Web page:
Over the last twelve months, you have battled with dismissive neurologists who up to September failed to pick up the neuropathy which has no doubt played a major impact on your self-confidence. You battle with yourself and what you look like on a daily basis; your body has carried you through a pandemic, relapse, grief and bullying yet you’re moaning that your BMI is now overweight which as you know full well doesn’t mean anything. You went from being in the gym on a daily basis to suddenly stopping and seeking new ways to give you a buzz that didn’t involve pedalling. Your confidence should not depend on your body or even whether you went to the gym; you do not need to justify eating a Wispa or even going to the gym. You’ve lost the function of your left leg yet you’re giving yourself such a hard time over something that at this stage is totally out of your control. You don’t have to do this anymore, you can sit with the uncontrollable and be confident that you are the same person, you look the same and nobody actually knows whether you’ve spun pedals or whisked cocoa powder.

The world you’re living in is hardly stable so if you’re having panic attacks or wobbles with anxiety I don’t think anyone could blame you. You’re living in a pandemic with battles with health that are so out of your control. It is time to control the things you can, like that Instagram feed. Imagine if every time you went on Instagram you followed people who inspired you rather than made you feel incompetent, fat and worthless? You are not the first person to be drawn into the polished world of social media.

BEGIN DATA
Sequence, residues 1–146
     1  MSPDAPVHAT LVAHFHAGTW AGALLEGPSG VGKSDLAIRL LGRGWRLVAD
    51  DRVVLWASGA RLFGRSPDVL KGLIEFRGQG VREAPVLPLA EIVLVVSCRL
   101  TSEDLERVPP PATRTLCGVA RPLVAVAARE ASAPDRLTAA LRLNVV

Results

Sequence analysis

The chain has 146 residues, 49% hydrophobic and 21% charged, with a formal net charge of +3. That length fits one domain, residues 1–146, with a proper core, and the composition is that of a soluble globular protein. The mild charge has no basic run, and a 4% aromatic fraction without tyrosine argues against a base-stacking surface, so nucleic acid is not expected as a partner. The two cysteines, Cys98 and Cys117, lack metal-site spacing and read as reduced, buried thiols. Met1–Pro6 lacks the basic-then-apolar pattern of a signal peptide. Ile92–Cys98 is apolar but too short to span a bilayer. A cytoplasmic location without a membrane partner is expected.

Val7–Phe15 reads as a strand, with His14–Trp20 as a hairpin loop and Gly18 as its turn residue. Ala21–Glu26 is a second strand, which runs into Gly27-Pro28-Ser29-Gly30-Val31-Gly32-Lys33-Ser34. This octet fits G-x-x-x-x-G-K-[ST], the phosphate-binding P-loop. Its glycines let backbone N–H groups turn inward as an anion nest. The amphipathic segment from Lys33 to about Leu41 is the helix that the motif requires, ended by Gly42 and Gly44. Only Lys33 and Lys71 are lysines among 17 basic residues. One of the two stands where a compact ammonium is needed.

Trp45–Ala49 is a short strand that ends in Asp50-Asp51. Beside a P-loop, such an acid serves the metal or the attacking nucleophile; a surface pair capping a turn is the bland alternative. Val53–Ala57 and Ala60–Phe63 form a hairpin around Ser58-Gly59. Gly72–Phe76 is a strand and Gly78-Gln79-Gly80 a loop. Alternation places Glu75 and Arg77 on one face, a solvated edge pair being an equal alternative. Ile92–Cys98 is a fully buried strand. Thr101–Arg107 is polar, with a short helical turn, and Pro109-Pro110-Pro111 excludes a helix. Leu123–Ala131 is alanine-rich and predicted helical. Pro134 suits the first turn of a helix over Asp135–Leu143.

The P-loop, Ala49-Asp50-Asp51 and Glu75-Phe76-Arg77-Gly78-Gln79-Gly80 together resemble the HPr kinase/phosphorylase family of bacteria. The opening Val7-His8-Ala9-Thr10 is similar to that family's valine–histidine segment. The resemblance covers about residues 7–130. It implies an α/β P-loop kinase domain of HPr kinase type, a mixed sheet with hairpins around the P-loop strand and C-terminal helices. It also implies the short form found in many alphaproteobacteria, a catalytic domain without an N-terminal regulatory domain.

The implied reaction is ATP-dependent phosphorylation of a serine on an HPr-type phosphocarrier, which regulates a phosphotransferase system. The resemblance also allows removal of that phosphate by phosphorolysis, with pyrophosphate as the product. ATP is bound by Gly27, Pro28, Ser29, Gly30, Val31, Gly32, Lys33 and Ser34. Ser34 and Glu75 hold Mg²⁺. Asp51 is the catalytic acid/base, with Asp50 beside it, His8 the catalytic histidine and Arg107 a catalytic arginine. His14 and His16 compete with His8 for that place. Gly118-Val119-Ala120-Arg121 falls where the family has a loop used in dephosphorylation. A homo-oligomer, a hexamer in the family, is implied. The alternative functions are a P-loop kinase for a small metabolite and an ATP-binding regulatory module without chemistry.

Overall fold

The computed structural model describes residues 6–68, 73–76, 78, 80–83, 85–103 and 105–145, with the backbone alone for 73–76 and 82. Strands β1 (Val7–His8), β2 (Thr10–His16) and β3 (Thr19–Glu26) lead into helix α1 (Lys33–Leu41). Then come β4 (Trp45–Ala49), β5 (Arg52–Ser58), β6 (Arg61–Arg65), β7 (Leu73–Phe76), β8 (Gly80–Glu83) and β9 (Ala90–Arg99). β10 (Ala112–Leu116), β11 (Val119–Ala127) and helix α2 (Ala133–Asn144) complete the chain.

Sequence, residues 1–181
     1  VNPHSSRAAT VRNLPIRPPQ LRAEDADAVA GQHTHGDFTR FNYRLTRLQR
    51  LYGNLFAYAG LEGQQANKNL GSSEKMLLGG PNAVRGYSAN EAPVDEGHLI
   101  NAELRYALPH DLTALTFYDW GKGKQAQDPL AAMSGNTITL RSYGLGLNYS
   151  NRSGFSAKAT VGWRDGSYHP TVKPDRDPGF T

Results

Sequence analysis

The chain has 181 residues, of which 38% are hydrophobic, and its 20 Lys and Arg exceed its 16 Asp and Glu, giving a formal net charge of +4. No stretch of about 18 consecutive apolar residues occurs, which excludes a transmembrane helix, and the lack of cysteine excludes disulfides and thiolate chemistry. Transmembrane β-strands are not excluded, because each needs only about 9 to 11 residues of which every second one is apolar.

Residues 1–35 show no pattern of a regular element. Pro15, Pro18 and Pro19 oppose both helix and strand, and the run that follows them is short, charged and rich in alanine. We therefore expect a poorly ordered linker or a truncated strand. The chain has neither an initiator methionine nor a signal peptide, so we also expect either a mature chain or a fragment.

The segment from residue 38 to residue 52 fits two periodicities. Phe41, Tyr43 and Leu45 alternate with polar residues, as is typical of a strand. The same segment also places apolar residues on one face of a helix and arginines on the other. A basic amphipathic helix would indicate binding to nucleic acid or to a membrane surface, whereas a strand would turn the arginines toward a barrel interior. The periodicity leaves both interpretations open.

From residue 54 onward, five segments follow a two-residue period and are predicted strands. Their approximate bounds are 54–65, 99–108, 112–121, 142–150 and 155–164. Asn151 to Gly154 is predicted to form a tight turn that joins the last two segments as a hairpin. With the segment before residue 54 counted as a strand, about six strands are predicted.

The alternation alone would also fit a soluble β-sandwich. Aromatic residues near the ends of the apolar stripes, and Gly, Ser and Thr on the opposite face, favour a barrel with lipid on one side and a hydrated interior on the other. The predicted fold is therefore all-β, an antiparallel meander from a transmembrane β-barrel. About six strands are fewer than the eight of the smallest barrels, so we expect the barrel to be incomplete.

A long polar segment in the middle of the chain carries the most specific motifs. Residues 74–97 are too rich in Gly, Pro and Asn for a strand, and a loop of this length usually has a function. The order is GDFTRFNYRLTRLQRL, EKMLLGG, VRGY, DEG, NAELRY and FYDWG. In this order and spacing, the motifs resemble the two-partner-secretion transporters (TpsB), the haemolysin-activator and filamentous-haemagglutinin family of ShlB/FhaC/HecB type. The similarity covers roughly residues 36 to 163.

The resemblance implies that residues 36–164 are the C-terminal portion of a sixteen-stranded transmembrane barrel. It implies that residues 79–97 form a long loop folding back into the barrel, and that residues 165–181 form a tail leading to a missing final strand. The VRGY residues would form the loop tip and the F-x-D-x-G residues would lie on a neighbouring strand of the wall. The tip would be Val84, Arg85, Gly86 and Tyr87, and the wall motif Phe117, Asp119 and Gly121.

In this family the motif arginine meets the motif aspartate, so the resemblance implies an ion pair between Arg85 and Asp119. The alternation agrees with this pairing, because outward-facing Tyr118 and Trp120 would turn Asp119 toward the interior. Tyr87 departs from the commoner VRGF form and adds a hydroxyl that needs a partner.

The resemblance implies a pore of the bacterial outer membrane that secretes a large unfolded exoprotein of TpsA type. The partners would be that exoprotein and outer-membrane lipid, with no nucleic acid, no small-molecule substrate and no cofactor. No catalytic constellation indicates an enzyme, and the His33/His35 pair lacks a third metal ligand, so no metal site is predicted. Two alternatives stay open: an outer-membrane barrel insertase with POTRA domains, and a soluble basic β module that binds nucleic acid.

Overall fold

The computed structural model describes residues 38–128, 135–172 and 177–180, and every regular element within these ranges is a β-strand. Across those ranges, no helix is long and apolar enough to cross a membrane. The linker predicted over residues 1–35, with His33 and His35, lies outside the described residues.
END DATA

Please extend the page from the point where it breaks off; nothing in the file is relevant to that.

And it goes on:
You will read this feeling somewhat amused by your compassion, your assurance that it is OK to give yourself a break. You are living and working with a chronic medical condition where there is little treatment, education or support from the external world. It would be normal to have a spell of lows but there is no such thing as ‘should’ you can sit with the emotions that you’re sat with. By sitting with these emotions, you accept they are real and normal from the situation you’ve come from. It is human nature to replay the mistakes or replay the moments that might not have gone the way you’d put them in your journal. Anyway, who gets what they want all the time?

I am going to pause and allow you to use this part of your brain to beat the heck out of you who is criticising you literally everything you do or say. We can work together to give you a better state of mind that reassures you of your decisions, choices and actions through life. It’s OK to make mistakes, you’re human. It’s OK to feel low for no reason and it’s OK to eat the caramel nibbles.

With kind regards

Your compassionate self

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  • Life can be short! I lost my sister at 59 last year at this time and it has given me a new perspective on how I feel and what impacts on me, be kind to yourself, care not for those that bring people down with negative comments it is more about them than you! Love your imperfections as they are what makes you unique 😊and look for joy as life has to count 🙏🏻